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EHS names student of the week

Q. In what grade are you currently enrolled?

A. I am currently enrolled in 12th grade at Emmaus High School.

Q. Please provide the first names of your family members: parents, siblings and pets.

A. My father is James Hess, my mother is Kirsten Hess, we have dogs Lady and Boo (both girls) and cats Garfield and Bernie (both boys).

Q. What is your favorite subject? Why?

A. My favorite subject is history. If I have to get more specific I would choose ancient history. It has always been an interest of mine because there is so much to learn from it. I love understanding how things, places and people came to be and history provides just that. I enjoy thinking philosophically and trying to understand and envision what the beginnings of human civilization were like.

Q. Have you received any special awards or recognition?

A. I have received the following awards: Excellence in French, National Honor Society, Principal’s Honor Roll every year of school, Best Mock Trial Witness and Eyer Middle School Academic Excellence Award.

Q. Are you involved in any extracurricular activities? How has being involved in this (these) organization(s) impacted your high school experience?

A. Yes, I am involved in Mock Trial (vice president), The Stinger Newspaper (deputy news editor), Student Government (vice president), French Club (treasurer), Students Organizing Against Racism (founding member), Young Democrats, Hornet Ambassadors and National Honor Society. These organizations have had a huge positive impact on my high school experience. As a whole, they have allowed me to make new friends, branch out of my comfort zone and learn new things every day.

Q. What do you consider your biggest challenge to date?

A. My biggest challenge is balance, a problem which is still ongoing. My family owns a business which, specifically as an only child, is a large burden (albeit a positive one) on my life. The issue is that I love to be active in my school community; therefore, balancing school, extracurriculars, work (a lot of work) and a social life can be very stressful and difficult. I am still learning better ways to manage my time and meet the high expectations I set for myself, a lesson I believe I will never stop learning.

Q. What is your next goal after high school?

A. My goal after high school is to go for my bachelor’s degree in history with a double minor in French and philosophy if my future school allows it. Eventually, I would like to become a professor of French and Francophone studies.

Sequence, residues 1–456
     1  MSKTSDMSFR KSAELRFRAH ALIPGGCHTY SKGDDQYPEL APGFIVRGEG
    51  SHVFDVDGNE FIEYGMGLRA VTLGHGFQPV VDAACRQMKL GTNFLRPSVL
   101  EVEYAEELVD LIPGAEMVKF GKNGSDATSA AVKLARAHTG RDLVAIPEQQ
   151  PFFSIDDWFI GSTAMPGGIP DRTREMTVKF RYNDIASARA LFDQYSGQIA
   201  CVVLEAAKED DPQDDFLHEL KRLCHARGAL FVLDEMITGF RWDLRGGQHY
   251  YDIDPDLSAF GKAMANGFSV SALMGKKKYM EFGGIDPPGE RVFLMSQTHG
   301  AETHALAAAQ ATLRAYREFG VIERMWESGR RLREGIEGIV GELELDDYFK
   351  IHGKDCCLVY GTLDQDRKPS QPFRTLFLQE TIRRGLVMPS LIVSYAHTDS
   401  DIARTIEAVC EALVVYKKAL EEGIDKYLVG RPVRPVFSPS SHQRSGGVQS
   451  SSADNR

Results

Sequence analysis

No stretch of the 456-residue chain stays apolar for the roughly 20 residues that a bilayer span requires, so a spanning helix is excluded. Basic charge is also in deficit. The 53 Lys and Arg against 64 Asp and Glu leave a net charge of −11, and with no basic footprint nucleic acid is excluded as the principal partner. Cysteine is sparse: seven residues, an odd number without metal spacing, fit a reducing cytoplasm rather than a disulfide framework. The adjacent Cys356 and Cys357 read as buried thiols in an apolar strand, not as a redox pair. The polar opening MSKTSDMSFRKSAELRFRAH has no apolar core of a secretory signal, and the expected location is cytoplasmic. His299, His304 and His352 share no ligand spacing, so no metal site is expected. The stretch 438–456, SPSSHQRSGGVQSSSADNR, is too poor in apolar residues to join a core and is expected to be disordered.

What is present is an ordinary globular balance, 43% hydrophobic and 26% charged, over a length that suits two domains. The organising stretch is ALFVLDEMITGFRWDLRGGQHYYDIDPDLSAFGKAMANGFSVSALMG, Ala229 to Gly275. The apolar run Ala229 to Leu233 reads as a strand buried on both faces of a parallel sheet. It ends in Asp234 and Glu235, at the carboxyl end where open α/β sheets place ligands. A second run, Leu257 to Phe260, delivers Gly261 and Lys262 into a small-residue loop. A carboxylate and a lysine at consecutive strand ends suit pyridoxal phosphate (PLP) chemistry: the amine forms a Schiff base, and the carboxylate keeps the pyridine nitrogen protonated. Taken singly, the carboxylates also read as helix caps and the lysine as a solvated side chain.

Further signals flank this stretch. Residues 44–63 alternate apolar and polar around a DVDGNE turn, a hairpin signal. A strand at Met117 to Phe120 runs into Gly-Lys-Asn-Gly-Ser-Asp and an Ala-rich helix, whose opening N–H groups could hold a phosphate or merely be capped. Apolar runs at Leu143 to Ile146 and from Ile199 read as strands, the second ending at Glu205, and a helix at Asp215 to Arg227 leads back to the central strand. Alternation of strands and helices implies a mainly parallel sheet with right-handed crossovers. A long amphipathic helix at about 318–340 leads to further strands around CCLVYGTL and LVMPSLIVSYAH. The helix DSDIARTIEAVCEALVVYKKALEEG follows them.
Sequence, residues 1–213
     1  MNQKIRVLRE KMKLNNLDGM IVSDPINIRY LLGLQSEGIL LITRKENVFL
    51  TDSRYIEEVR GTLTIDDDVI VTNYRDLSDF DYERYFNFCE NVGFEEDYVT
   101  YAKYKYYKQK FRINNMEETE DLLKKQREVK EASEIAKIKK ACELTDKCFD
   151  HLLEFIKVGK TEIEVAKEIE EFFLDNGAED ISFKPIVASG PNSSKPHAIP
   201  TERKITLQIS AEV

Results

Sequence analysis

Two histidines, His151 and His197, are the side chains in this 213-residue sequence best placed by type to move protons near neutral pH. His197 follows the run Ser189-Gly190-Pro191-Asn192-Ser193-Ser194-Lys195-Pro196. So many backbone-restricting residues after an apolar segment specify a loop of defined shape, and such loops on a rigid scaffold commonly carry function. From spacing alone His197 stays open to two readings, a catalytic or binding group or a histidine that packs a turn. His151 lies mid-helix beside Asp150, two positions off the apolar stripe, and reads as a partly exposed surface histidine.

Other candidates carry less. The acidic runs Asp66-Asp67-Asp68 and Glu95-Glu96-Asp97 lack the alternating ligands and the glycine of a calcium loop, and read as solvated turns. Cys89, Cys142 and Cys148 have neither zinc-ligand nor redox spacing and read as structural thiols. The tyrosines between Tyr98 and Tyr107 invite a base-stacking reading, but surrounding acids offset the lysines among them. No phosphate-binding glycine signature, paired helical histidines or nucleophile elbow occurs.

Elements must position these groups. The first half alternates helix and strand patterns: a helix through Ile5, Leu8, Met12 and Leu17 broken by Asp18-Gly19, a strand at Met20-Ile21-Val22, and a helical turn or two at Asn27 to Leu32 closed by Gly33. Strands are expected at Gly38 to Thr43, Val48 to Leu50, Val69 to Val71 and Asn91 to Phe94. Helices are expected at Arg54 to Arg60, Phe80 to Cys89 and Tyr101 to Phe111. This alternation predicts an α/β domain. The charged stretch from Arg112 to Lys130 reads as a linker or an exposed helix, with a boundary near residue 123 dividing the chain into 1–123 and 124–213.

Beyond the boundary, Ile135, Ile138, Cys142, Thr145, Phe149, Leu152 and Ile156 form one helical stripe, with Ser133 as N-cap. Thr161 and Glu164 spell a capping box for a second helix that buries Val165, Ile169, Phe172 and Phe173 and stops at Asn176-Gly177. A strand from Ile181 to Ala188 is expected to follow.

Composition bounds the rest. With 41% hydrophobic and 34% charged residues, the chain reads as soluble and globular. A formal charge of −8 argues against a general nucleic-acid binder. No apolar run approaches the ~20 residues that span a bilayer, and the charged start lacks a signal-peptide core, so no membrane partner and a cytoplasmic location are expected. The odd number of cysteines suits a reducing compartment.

Q. Whom do you admire? Why?

A. I admire every single one of my teachers. Specifically during, and now after the COVID-19 shutdown, they have put up with more than they ever should have had to. Every one of my teachers has made it clear to me their doors are always open. They have listened to students and tried to help them the best they can even while dealing with their own struggles. In our current day and age their job entails more than it ever has and in my opinion, ever should. Yet, there they are, every day without fail. They come to school to teach all of us and to help us shape our future. As a whole, they are some of the most selfless and kind people I have ever met.

Q. For what would you like to be remembered?

A. I would like to be remembered as the professor that you either tried to get or tried not to get. I aim to be the type of person that other young people can go to for help, can trust and can learn from. I want to share the knowledge I gain with the world, even if it helps only one person. I dream to spark the desire of learning in other students like myself, and show kids history can be fascinating and rich. I would like to be known as the professor who talks too much about history and is slightly fanatic but fun nevertheless.

Q. Do you have any advice for your peers?

A. There are many pieces of advice I am sure all students have picked up over the years; however, the one thing that sticks out the most to me is what I wish someone had really told me in middle school. Do what makes you happy. Everyone’s happiness looks different, whether it’s a sport, a book, a show or an animal. You don’t need to join a sports team, pick up an instrument or change your hobbies because your friend does or someone says it will look good for college. What matters is what’s good for your life. If running or reading is good for your life, if it lights a spark, even a small one, then do it.